Kentucky Bass Forecast for 2015
March 03, 2015
March signals to most bass anglers an almost insatiable itch to get back on the water, because they know throughout the Bluegrass State, both largemouth and smallmouth are waking from their long winter naps, and they're hungry.
Only question is: Where are the places that "need to be scratched" most? Kentucky holds all or part of nearly 20 major reservoirs with 1,000 surface acres or more. Smaller lakes are in great abundance, and where waters tend to warm sooner, bass often become active earlier. Late March is one of the state's prime, trophy largemouth-catching periods, especially on what biologists call "state-owned" public waters.
Among all the choices, let's see what Kentucky Fish and Wildlife Department fisheries managers have to say about what you can expect in 2015 across the Commonwealth, and highlight several waters where bucketmouth and bronzeback fishing should be good this year. Large or small, many locations offer excellent opportunities that anglers will want to get in on, starting very soon.
In 2014, one of Kentucky's most popular fishing and boating lakes was finally back up to snuff, after several years of being kept well below normal summer pool for major dam repairs. The prolonged drawdown period had many effects on Lake Cumberland, but most notably it allowed a tremendous amount of shoreline vegetative habitat to regenerate.
When the water came up last year and submerged more ground, small trees, bushes and other cover provided what bass (and other species) dearly love. Suddenly, there were more places to hide, spawn and feed.
"It would almost be impossible for that many positive factors to occur all at once, and the largemouth population not benefit," said John Williams, KDFWR district biologist. "With so much fluctuation in lake levels in recent past years, attempting to sample some species with any consistency has been really hit and miss. But, we do know that the bass population remained stable during that period, and going into 2015 as the second year of normal pool, we expect fishing to begin to significantly improve."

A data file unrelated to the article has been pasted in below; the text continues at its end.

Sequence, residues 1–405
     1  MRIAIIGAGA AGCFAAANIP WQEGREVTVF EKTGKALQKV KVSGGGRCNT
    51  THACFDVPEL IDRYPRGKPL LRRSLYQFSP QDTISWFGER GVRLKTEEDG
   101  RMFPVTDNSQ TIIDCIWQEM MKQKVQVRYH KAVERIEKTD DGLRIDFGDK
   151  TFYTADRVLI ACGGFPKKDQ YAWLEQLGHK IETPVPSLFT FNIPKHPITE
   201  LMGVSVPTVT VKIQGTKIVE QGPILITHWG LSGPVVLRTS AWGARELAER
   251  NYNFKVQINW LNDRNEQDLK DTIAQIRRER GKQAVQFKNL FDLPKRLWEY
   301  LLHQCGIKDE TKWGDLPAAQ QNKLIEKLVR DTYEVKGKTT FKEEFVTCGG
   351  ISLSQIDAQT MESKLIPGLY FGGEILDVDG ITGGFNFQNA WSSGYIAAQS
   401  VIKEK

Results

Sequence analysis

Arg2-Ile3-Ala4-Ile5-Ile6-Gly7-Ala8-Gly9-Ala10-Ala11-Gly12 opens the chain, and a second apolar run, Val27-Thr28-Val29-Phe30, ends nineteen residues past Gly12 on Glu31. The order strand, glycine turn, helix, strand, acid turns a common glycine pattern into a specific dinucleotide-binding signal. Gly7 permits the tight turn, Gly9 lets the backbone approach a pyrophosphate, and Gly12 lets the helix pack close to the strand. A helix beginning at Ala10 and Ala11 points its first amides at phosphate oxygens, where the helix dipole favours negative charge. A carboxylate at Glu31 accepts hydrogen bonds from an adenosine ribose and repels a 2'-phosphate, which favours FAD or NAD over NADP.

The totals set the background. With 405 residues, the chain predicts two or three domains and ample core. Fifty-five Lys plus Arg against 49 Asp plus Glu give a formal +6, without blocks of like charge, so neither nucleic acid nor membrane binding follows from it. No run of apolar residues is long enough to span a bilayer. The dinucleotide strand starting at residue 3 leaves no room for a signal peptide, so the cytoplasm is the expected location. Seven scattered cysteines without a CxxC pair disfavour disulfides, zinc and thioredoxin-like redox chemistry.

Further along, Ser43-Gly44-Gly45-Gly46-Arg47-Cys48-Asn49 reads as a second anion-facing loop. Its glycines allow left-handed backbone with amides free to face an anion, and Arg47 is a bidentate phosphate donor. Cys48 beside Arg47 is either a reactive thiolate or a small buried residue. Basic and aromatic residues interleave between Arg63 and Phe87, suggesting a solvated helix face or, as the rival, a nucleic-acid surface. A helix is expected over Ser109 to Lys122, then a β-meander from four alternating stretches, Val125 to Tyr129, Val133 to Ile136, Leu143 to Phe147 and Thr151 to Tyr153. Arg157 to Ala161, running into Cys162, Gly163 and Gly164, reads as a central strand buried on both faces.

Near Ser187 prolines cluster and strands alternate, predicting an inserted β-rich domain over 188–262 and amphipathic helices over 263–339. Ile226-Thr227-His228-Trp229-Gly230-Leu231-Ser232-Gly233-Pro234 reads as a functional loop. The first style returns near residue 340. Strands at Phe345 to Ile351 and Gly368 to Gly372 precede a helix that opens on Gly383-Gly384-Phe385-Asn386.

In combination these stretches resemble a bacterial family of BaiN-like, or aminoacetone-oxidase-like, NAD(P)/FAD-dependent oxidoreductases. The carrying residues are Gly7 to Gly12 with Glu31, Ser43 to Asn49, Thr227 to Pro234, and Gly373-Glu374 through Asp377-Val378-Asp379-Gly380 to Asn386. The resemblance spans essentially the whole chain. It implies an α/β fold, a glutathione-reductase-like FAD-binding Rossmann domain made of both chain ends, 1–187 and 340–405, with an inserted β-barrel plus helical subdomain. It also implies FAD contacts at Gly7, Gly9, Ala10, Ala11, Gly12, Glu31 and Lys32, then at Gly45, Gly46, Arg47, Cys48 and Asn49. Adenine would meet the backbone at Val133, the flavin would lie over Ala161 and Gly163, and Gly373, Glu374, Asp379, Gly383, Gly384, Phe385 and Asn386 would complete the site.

It will take some time to see what kind of results the new acreage and cover will have on largemouths, but Williams believes that the lake will experience something similar to a "new lake" effect, with potential increases in reproduction and growth rates, resulting in higher quality fish.
"I'd rather wait and see for sure, but it's a reasonable possibility that fishing in 2015 will be dynamite on Cumberland," William said.
Cumberland's 50,000 acres also offers one of the state's premier smallmouth fisheries, thanks to the coldwater habitat it holds. While some species that depend on cold water more heavily did not fare as well during the prolonged draw down, smallmouth were not as adversely affected. They, too, should thrive and be available in the newly opened habitat that the spring's rising lake levels will afford.
Elsewhere in the vicinity, Williams notes that Kentucky's one trophy largemouth managed lake is still producing some superb fish. Cedar Creek Lake will be monitored this year with a creel survey to keep continued watch on largemouth quality. Interestingly, it just so happens that Kentucky's only trophy largemouth lake (20-inch size limit) also happens to offer a good bit of bank fishing.
When the lake was developed, they attempted to make it as conducive to fishing of all kinds was kept in mind. As such, bank anglers can connect with a bass of a lifetime just as easily as guys sporting the most sophisticated means and methods. There is plenty of cover to fish from the shore, and both spring and fall brings largemouth in reach of the shallows.
Also nearby at Laurel River Lake, the biologist points to a trend of improved largemouth bass fishing over the past 10 years, and mentions that connecting with a few high-quality smallmouths should continue in 2015 as well.